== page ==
Hepatitis C is a blood-borne virus that can lead to a chronic infection and damage to the liver. Chronic hepatitis C infection is curable in most cases, but many people living with hepatitis C do not know they are infected and are not accessing treatment that can prevent disease progression and liver damage, including cirrhosis and liver cancer.
According to the CDC, approximately 75 percent of all people who are chronically infected with the hepatitis C virus in the United States are baby boomers who were born between 1945 and 1965. This age group also experiences one of the highest death rates from the virus. As these individuals grow older and live longer with undiagnosed hepatitis C virus infection, they are increasingly likely to develop severe liver disease and liver cancer.
May 19, National Hepatitis Testing Day, offers an opportunity to reach new groups, to raise awareness of hepatitis B and hepatitis C, and to encourage more individuals to learn their status. The CDC recommends that all adults born between 1945 and 1965 receive one-time testing for the hepatitis C virus. By testing and diagnosing all baby boomers with chronic hepatitis C virus, we can care for and cure many, averting at least 120,000 deaths, according to one CDC estimate.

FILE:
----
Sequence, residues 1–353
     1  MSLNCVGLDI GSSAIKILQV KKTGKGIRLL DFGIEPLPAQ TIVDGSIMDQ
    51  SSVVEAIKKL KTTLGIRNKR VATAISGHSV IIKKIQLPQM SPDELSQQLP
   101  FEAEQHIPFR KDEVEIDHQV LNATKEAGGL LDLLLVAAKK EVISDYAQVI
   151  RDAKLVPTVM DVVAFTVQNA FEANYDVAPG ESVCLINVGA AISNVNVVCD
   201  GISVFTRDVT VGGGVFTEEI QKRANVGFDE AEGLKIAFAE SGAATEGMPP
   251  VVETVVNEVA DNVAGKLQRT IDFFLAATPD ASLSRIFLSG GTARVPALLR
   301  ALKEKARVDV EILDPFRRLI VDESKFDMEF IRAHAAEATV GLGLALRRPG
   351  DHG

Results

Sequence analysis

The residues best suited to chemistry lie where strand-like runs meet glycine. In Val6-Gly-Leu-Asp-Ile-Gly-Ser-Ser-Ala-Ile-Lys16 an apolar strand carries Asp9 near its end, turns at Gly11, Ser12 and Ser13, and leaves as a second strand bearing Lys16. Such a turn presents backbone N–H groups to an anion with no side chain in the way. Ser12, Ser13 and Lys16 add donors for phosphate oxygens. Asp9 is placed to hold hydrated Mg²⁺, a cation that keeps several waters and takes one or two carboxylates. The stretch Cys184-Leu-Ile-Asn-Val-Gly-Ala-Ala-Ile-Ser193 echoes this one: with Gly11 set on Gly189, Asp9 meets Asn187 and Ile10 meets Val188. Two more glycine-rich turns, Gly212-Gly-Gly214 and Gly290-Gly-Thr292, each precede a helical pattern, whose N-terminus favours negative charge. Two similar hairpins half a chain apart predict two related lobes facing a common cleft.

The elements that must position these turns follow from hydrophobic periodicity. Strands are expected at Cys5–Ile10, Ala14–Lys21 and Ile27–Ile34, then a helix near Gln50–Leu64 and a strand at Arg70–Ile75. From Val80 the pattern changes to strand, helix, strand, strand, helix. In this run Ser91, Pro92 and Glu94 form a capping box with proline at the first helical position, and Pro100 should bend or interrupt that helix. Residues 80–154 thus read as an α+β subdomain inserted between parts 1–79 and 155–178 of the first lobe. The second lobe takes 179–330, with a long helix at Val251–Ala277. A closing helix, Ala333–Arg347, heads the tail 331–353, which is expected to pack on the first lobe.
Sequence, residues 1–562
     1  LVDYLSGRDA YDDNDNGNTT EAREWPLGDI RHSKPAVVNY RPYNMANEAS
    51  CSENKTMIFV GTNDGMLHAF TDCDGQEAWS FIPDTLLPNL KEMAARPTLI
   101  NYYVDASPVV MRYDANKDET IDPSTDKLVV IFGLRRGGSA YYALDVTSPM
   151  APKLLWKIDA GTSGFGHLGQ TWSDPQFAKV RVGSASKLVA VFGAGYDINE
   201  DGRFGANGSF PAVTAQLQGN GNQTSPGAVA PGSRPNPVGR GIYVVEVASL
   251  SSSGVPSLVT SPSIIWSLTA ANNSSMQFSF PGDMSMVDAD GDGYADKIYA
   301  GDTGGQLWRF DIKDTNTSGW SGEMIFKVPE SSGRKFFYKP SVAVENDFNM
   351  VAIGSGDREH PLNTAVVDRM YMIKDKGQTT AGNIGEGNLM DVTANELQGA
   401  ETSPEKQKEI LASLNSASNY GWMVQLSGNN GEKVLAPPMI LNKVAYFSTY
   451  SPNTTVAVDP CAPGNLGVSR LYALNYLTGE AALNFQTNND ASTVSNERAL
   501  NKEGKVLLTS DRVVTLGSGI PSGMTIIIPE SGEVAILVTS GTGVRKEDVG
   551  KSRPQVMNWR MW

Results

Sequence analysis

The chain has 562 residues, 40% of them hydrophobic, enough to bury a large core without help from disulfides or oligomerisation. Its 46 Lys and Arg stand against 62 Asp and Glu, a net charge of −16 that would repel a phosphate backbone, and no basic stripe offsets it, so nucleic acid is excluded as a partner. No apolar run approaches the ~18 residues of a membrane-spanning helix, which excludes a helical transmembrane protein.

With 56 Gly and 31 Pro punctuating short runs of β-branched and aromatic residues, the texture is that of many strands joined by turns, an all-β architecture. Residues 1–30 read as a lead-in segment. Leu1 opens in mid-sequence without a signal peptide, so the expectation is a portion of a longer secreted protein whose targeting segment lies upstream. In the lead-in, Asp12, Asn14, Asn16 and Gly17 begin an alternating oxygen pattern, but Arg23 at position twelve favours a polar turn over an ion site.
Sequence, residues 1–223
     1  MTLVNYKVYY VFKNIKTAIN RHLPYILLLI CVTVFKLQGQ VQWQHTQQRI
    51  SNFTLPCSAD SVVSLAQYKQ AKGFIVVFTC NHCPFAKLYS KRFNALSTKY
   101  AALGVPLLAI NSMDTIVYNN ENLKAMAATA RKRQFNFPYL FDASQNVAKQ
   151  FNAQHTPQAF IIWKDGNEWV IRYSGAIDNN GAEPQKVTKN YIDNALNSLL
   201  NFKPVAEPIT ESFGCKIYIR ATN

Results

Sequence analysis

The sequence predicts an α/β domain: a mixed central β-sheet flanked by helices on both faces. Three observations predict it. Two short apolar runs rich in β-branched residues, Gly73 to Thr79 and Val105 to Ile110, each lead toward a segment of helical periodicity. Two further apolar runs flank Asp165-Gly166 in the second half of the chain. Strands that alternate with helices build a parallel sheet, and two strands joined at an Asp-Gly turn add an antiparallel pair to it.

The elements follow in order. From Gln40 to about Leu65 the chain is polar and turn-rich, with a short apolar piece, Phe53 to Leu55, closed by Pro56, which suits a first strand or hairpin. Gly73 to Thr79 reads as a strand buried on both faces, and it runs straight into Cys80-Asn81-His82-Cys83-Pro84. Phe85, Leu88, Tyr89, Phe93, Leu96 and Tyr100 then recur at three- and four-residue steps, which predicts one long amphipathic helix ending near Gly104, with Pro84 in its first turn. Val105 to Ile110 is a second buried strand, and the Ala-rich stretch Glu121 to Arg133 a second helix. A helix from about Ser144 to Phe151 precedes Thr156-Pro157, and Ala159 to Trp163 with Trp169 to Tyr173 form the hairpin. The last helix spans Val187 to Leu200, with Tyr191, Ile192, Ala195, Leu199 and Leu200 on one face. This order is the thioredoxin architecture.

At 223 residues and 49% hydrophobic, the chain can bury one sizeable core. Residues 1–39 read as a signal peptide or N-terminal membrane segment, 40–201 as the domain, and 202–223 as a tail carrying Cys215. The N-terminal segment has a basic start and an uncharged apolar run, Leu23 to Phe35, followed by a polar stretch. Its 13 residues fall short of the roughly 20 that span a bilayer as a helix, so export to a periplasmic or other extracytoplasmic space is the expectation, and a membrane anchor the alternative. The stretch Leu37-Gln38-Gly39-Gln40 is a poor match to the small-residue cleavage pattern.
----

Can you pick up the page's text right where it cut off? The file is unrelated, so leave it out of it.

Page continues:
The CDC maintains a website that makes it easy to find a local provider for hepatitis C testing.
More information on Hepatitis and Older Adults:
- The HHS hepatitis webpage contains general information on hepatitis C infection. The Office of HIV/AIDS and Infectious Disease Policy has compiled a list of campaigns/events throughout the month of May, virtual and across the country; you can download the full list on their Hepatitis Awareness Month page.
- CDC’s Know More Hepatitis campaign is designed to raise awareness and encourage hepatitis C testing in the baby boomer population. The campaign includes videos, downloadable posters, graphics, and a two-page factsheet.
- Help-4-Hep is a free service that offers hotline support for anyone seeking more information on hepatitis C. The hotline is staffed by peer counselors—usually a person who has had hepatitis C—who can answer questions about testing, finding a clinic, support group, and treatment. Calls to Help-4-Hep are toll-free and confidential. 877-Help-4-Hep (877-435-7443).
- To further raise awareness and promote Hepatitis Testing Day, please consider participating in & supporting the Be #HepAware Thunderclap on May 19th at 12:00 p.m. EDT/9:00 a.m. PDT.